The flesh-birds. whence but from thy agency
Arose that evil?

Father I heard the Monks
Singing the Te deum for the victory,
And they give God the glory.

St Anthony.
Rightly too.
The righteous cause has triumphd.

The other side
Humble themselves in fasting & in prayer
And own their sins deserved the wrath of heaven.

St Anthony.
Aye – twas a wholesome chastisement. but Satan
Twas for the Kings offence the people died,
His crime the cause & thou the cause of all.

I pray you father is he my vicegerent,
And my anointed?

St Anthony.
Thou wert in his councils.
Thou in his heart didst plant the love of blood,
The greediness of gain, the lust of power.
Look how the miserable people groan
Beneath his tyranny & pray to heaven
For mercy & relief!

Tis their own fault
To pray & pray & make no effort else!
The Pagans had a speedier remedy,
Harmodious, Father, & the Bruti [2]  used it.
You deem them damn’d?

St Anthony.
He must be damnd who doubts it.

The circumcised people of the Lord
They fought with carnal weapons. was not she
Honourd & hymnd who stole upon the sleep
Of Sisera? [3]  & she whose daring arm
Smote Holofornes on his drunken couch? [4] 
Is not her name among the people held
Holy? – when Ehud [5]  with his daggers help
Delivered Israel from her miseries,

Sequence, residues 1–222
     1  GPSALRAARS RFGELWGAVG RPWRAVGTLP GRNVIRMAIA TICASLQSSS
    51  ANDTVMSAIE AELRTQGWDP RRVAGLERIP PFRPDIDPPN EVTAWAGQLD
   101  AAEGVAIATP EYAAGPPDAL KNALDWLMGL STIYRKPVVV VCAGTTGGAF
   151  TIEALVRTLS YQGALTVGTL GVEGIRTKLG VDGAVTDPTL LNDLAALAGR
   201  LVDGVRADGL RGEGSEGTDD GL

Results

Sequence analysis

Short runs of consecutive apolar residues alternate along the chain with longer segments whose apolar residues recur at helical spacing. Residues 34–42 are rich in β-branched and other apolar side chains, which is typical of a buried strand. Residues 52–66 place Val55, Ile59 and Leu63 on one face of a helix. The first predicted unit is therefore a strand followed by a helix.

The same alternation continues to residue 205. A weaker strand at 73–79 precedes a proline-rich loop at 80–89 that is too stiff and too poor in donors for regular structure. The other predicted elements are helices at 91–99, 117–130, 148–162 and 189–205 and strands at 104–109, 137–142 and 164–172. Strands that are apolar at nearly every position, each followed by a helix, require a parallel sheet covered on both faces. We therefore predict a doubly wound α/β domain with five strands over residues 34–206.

Was it from Satan, father, that she bore
The message to the King?

St Anthony.
Jews – Satan, Jews!
It might be right in them. obedience – patience –
These are the Xtian virtues.

Therefore father,
If, as you say, I cause the Kings misdeeds,
These give occasion for the bright display
Of patience & long-suffering; so am I
The cause of Xtian virtue.

St Anthony.
Lying Spirit!

Ungrateful Anthony!

St Anthony.
Ungrateful! I!
I who by day & night have sufferd from thee
All fierce temptations! who have felt thy whip
Laid on so lustily that it has left me
Breechd [6]  in my own blood! who have had my cell
Filld with thy imps all breathing brimstone at me
Swarming around me thicker than the gnats
In the summer marsh, & buzzing blasphemy –
Ungrateful! I!

Satan –
Most thankless Anthony!

St Anthony.
Hast thou not stood all night before my eyes,
Yea, thro my close-squeezd eyelids made me see <thee>
In harlot nakedness?

Yes spotless father!
Right manfully thy skin & bone withstood
The flesh & blood temptations. thence arose